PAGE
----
An Open and Shut Case for Golf Courses Around the Globe

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AS CALLS continue for an easing of restrictions for club golfers in this country and for golf to be classed as part of our daily exercise routine, it is instructive to look at what is happening at other parts of the world.

Most golf courses remain closed for business, although Denmark has opened its doors – and, perhaps, pointed the way towards what we might expect when the same thing happens here. 

Denmark is hardly a country that you would regard as being a Mecca for the sport, but an increase in membership has already been reported and courses have been full from dawn until dusk.

The Scandinavian in Copenhagen sold 37 new memberships in the five weeks after March 1, including during a month-long period when the country was in partial lockdown and the majority of courses were closed. The club, which has more than 1,050 members and is the most expensive in Denmark, has had to introduce a waiting list and has steadfastly refused to reduce its prices.

Chief executive David Shepherd says existing members have upgraded family memberships, as well as new individual members applying. But he also believes the upsurge in interest is because people have suddenly become more appreciative of green spaces and being outdoors. 

And, having been locked down for so long in the UK while the sun beats down, it is difficult to argue with Shepherd.

“People are recognising the value of being out in the fresh air and being out with close friends; the things existing golf players already know, but actually the people who didn’t commit to a membership are now starting to miss badly,” he said. “I think there is a huge opportunity right now for golf to capitalise on this. This is a huge opportunity to showcase everything that is great about golf.”

When The Scandinavian reopened, Shepherd and his team decided not to impose any booking restrictions. On the first day, the course was fully booked for the following 10 days, with many club members booking up to 10 tee times. Play has been restricted to two-balls.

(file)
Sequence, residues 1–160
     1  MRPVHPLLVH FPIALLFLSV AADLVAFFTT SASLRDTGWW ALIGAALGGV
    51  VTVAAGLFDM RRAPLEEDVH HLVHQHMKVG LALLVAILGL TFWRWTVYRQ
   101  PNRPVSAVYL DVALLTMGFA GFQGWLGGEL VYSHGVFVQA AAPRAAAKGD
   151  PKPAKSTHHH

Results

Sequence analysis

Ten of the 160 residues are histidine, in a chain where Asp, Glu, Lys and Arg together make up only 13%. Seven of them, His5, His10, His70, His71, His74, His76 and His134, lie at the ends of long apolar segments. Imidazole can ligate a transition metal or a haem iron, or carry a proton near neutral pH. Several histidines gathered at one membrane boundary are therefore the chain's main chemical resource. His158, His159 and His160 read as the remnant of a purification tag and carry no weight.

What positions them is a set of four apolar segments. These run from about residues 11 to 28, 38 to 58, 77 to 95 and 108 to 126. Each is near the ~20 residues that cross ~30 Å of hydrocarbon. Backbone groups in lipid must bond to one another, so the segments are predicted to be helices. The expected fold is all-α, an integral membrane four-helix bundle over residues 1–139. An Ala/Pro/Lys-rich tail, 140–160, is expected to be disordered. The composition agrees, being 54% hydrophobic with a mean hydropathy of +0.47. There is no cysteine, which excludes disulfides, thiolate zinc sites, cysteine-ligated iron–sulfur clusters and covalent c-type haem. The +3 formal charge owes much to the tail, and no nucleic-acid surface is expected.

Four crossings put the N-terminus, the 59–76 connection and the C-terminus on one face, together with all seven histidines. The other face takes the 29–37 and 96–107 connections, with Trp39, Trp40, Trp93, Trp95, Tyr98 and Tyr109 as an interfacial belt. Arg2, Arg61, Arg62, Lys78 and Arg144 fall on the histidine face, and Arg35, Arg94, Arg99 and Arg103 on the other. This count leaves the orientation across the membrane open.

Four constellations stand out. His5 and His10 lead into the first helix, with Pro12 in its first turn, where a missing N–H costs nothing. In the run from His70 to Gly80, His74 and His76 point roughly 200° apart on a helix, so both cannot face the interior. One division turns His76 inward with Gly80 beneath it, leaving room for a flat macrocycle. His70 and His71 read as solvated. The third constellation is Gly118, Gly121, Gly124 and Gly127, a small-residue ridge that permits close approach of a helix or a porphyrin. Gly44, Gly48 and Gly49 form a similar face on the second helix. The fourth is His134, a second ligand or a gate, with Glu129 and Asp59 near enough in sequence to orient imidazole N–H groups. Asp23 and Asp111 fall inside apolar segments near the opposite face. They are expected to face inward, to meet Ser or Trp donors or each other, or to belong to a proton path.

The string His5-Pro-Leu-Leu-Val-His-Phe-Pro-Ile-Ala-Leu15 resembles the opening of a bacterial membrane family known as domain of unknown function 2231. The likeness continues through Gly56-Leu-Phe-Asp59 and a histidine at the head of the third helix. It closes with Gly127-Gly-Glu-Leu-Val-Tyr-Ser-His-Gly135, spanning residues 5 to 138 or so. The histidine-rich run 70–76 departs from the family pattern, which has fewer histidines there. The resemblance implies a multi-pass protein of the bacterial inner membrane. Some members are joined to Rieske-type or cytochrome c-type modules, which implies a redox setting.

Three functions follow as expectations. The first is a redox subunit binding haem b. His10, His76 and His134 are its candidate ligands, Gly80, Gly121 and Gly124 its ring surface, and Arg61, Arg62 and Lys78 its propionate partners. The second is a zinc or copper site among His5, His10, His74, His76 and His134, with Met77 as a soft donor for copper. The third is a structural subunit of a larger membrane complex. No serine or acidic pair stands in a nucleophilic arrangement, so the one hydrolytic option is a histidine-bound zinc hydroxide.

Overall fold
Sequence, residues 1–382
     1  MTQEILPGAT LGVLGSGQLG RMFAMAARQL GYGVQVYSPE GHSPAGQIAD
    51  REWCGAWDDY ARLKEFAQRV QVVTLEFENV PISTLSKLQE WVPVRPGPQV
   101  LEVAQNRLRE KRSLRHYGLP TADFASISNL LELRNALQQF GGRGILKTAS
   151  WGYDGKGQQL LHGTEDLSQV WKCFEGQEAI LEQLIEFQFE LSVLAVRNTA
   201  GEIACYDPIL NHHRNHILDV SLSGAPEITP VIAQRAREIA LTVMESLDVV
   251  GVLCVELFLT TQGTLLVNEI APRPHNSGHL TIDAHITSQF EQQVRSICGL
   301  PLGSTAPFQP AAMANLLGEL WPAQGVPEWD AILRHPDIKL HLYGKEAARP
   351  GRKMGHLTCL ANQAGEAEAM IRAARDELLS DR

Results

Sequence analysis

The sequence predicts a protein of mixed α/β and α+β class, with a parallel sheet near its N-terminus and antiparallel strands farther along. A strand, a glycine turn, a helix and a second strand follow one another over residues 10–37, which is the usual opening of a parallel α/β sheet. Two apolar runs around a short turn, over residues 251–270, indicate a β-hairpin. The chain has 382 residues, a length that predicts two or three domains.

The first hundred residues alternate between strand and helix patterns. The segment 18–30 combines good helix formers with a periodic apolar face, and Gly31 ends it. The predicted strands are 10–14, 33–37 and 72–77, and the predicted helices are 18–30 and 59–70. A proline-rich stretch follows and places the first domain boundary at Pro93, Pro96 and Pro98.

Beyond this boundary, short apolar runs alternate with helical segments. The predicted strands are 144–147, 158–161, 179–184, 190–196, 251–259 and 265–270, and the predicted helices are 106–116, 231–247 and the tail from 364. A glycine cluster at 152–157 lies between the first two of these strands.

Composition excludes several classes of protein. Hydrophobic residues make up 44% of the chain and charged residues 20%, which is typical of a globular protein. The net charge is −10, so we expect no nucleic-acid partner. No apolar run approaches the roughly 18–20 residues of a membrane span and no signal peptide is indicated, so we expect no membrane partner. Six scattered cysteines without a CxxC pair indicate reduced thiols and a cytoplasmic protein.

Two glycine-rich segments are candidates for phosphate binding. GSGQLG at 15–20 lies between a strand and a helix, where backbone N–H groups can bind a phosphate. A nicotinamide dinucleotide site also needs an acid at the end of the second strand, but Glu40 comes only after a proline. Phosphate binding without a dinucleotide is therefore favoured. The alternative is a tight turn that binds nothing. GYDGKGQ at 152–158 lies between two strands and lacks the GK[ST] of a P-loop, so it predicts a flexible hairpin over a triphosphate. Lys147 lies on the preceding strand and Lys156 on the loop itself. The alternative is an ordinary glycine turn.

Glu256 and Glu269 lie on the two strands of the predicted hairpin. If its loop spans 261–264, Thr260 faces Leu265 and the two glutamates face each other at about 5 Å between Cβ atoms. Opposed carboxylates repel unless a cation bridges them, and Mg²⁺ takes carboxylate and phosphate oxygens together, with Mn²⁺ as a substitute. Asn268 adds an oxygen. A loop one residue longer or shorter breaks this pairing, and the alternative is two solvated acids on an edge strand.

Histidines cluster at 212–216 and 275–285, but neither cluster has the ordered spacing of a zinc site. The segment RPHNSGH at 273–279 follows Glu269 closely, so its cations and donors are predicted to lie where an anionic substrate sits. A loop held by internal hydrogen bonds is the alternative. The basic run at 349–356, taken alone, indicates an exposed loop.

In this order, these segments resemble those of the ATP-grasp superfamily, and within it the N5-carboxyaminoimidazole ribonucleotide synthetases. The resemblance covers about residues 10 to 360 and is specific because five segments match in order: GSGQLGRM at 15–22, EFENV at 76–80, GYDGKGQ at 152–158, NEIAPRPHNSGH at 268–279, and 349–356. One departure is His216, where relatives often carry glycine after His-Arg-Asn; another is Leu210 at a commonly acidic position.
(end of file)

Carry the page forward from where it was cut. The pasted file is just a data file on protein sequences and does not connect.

In Italy, unsurprisingly all golf clubs are still closed. Although routine course maintenance continues. The hope is to reopen on May 4, but there will be restrictions, with no access to bars and locker rooms.

France remains in lockdown until May 11 and all courses remain shut, with no indication as to when that may change, and the same situation exists in Portugal, with the Algarve feeling the pinch. All public places in Portugal are closed, and it will be May 1 before that is reviewed. But don’t hold your breath.

Spain has been looking to ease some lockdown restrictions but all courses and practice facilities remain shot, and will not open before May 31 at the earliest.

There are exceptions. Most golf courses across Thailand will reopen on May 1, with others following suit on May 15.

The Thai Prime Minister has given authority to each province’s governor to make their own judgment. Chonburi, which includes Thailand’s largest golf destination around the resort of Pattaya, will definitely be re-opening on May 1. And hotels, restaurants and spas will also open on that date. It should be pointed out that Thailand has only seen a small number of deaths caused by Covid-19.

Only a handful of courses are shut in Japan, although many have closed their clubhouses. The Japanese government considers golf to be one of the safer outside activities.

In South Korea, which has dealt with the virus more efficiently that just about any other country on earth, it is more or less business as normal, with no lockdowns or restrictions on golf courses, although, once again, clubhouses have been closed, and golfers have been told to turn up wearing their golf shoes and head straight to the first tee.


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